Early neuromodulation prevents the development of brain and behavioral abnormalities in a rodent model of schizophrenia

R. Hadar, L. Bikovski, M. L. Soto-Montenegro, J. Schimke, P. Maier, S. Ewing, M. Voget, F. Wieske, T. Götz, M. Desco, C. Hamani, J. Pascau, I. Weiner, C. Winter*

*Corresponding author for this work

Research output: Contribution to journalArticlepeer-review


The notion that schizophrenia is a neurodevelopmental disorder in which neuropathologies evolve gradually over the developmental course indicates a potential therapeutic window during which pathophysiological processes may be modified to halt disease progression or reduce its severity. Here we used a neurodevelopmental maternal immune stimulation (MIS) rat model of schizophrenia to test whether early targeted modulatory intervention would affect schizophrenia's neurodevelopmental course. We applied deep brain stimulation (DBS) or sham stimulation to the medial prefrontal cortex (mPFC) of adolescent MIS rats and respective controls, and investigated its behavioral, biochemical, brain-structural and -metabolic effects in adulthood. We found that mPFC-DBS successfully prevented the emergence of deficits in sensorimotor gating, attentional selectivity and executive function in adulthood, as well as the enlargement of lateral ventricle volumes and mal-development of dopaminergic and serotonergic transmission. These data suggest that the mPFC may be a valuable target for effective preventive treatments. This may have significant translational value, suggesting that targeting the mPFC before the onset of psychosis via less invasive neuromodulation approaches may be a viable preventive strategy.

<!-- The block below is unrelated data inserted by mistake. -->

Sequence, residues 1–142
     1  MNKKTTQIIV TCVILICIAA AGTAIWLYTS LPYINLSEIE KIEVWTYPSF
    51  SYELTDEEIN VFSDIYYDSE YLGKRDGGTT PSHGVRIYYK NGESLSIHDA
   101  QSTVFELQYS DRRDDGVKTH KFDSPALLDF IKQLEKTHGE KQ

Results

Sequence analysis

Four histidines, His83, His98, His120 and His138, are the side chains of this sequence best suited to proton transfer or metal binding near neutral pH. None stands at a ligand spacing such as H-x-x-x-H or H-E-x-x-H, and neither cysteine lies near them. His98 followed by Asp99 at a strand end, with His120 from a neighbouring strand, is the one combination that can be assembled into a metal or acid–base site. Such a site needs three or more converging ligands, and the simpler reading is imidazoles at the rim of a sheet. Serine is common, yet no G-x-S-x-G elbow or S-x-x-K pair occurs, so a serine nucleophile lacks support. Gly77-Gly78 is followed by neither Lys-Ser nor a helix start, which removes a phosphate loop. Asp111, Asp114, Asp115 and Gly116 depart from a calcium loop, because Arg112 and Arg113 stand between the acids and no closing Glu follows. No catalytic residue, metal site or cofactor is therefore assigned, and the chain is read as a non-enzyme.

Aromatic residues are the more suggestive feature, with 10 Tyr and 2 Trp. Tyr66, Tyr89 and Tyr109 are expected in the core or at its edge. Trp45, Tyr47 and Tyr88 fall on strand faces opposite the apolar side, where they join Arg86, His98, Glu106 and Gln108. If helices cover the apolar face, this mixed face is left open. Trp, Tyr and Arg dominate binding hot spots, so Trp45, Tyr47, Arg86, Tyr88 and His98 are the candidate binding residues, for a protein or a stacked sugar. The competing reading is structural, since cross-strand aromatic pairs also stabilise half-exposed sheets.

Original languageEnglish
Pages (from-to)943-951
Number of pages9
JournalMolecular Psychiatry
Issue number4
StatePublished - 1 Apr 2018


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